During the second plenary session at the AIS conference today, I was looking forward to hearing Pia Waugh speak. Pia is co-owner of Waugh Partners, vice-president of Linux Australia, and a huge advocate for both Linux and the Open Source Software movement generally. I met Pia last month at the CSTA meeting where we were both speaking, and I had a great chat to her over dinner about all sorts of things that any normal person would probably consider geeky in the extreme. Pia is a super smart lady and very passionate about the whole Open Source movement, so I really enjoyed talking with her that night.
When I saw her in the auditorium today before her session I went to say hi, and was pretty surprised to see her holding a little green and white plastic device in her hands… after the initial g’days were exchanged, I said “Is that what I think it is?” She gave me a big grin, and said “yep!”
Pia had managed to get herself one of the “$100 laptops” that MIT has been working on. For those that don’t know, the “$100 laptop”, or more correctly known as the One Laptop Per Child project, is an initiative started a few years ago by Nicholas Negroponte from the MIT’s Media Lab, with an aim to get computers into the hands of Third World children. By employing clever, simple design and open technologies Negroponte’s dream is starting to come true, with the first shipments of OLPC laptops being delivered this year. They are not quite down to $100 each yet, but are getting closer… Pia said they are being produced for about $170 at the moment.
I was fascinated to be able to have a look at this little device. It’s got a very “Fischer Price” feel to it, with shiny green and white plastic, funny little wireless antennas that stick up, and a cute little keyboard and screen. But underlying the toyish look is some sophisticated – and open – technology. It runs Redhat Linux as the operating system, and comes with an innovative user interface called Sugar. Sugar does not try to model itself on the more traditional WIMP-style UI such as that found in Windows-style interfaces, but instead was designed to answer the question “What would a user interface look like for a child who has never seen a computer before?” It’s cute, very different, and very intuitive. I had a little play, but had to hand it back all too soon so Pia could deliver her presentation.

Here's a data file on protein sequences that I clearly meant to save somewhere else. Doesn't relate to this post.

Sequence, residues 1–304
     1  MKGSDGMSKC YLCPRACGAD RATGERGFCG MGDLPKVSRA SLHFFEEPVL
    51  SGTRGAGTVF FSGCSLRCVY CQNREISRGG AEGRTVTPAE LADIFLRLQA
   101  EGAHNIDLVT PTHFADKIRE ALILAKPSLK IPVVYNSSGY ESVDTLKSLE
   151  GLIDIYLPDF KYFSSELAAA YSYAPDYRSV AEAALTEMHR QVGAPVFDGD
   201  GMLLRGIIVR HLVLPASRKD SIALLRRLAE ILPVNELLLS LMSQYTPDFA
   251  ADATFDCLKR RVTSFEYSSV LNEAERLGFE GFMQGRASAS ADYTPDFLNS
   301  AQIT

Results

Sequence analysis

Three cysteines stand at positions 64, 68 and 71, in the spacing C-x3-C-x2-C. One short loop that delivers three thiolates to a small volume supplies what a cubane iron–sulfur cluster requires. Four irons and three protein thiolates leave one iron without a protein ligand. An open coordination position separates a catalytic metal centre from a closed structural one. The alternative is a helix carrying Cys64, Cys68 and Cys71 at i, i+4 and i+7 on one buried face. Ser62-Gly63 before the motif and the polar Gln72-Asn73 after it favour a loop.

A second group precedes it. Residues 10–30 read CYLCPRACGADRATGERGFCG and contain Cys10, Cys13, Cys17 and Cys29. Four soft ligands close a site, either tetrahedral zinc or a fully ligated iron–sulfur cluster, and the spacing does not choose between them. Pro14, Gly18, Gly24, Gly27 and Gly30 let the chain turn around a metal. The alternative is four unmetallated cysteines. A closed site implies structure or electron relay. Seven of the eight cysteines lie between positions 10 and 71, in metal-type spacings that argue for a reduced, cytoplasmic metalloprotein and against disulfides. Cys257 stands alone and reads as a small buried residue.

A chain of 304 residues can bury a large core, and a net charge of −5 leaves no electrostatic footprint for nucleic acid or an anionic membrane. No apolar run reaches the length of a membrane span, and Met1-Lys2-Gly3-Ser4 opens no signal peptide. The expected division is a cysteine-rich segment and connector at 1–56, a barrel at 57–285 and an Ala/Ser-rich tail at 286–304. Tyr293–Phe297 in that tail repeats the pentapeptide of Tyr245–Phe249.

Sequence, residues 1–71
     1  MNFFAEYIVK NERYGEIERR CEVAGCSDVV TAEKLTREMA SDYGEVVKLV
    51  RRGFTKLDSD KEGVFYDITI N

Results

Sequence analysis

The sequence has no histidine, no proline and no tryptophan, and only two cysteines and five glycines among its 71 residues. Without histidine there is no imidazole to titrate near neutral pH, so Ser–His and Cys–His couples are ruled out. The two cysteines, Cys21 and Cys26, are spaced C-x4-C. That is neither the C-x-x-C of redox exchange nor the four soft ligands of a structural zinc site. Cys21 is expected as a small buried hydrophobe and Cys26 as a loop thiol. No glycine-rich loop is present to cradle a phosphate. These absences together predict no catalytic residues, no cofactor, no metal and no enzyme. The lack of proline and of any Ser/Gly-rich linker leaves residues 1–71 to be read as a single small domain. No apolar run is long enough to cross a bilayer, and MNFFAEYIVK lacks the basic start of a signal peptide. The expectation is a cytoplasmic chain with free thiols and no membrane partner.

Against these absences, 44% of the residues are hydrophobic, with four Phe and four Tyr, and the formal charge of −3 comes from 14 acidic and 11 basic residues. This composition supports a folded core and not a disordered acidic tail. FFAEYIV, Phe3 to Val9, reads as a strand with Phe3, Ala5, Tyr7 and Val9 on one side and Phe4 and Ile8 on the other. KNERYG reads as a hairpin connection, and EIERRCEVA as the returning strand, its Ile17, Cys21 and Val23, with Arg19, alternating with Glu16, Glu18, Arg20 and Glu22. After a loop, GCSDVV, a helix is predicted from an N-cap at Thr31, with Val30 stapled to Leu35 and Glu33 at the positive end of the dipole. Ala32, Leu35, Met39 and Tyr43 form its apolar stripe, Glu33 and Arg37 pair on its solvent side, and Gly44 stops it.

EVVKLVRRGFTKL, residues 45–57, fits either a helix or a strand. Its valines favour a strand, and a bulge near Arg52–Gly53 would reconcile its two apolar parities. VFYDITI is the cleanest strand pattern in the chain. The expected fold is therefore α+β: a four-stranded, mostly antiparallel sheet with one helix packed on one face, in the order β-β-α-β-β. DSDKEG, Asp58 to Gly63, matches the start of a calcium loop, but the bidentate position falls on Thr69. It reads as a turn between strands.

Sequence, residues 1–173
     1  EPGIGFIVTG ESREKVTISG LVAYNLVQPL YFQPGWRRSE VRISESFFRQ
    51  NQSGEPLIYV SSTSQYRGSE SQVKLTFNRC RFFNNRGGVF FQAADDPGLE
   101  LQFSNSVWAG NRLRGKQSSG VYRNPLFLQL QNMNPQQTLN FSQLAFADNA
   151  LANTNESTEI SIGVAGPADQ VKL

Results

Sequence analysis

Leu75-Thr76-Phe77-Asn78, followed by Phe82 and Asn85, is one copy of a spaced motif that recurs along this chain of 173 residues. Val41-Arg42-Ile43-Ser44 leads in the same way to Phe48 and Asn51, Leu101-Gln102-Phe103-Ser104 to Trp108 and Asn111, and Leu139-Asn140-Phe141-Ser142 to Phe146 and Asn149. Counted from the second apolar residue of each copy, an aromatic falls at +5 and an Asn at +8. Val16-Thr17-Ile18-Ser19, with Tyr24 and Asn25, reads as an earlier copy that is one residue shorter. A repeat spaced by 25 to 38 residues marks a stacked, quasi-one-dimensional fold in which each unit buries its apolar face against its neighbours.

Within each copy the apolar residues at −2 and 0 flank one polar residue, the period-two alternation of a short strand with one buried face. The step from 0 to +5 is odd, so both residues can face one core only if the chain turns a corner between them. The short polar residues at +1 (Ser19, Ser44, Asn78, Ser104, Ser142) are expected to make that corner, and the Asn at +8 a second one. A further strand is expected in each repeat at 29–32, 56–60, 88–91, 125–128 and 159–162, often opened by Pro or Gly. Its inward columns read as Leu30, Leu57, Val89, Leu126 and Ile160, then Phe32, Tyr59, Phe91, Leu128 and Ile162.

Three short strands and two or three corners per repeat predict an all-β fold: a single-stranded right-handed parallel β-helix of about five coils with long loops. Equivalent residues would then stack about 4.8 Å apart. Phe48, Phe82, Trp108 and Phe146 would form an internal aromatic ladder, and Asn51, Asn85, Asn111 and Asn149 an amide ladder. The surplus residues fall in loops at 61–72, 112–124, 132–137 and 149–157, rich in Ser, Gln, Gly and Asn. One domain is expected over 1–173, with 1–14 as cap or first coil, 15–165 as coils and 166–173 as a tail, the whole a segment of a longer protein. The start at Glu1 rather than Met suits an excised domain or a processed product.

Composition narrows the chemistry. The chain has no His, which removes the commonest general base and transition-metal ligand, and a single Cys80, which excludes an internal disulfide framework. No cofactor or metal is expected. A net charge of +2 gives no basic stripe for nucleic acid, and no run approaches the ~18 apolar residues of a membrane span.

During lunch however, I spotted Pia again and she let me take the OLPC for an extended play. I wandered over to Bryn Jones’ table and the two of us had a chance to check it out a bit further. I was pretty impressed to be able to get so much hands-on with it, as these things are still very hard to come by unless you are a child in one of the targeted countries. Pretty much the entire production run is going to the kids, and the only reason Pia had one was because she helped do some development work for it. I felt pretty lucky to be able to see and use one, as I don’t imagine too many other people have had the chance.
With built in wifi, mesh networking, longlife battery, tablet or laptop mode, built-in speakers and microphone, USB ports, SD slot, flash-based storage drive, wireless web access, music composition software, notetaking software, and a bunch of other built in apps, it really is a very interesting piece of hardware! Thanks for sharing Pia!
PS. Look forward to hearing Pia as a special guest on the Virtual Staffroom very soon.
Meet the $100 Laptop by Chris Betcher is licensed under a Creative Commons Attribution-ShareAlike 4.0 International License.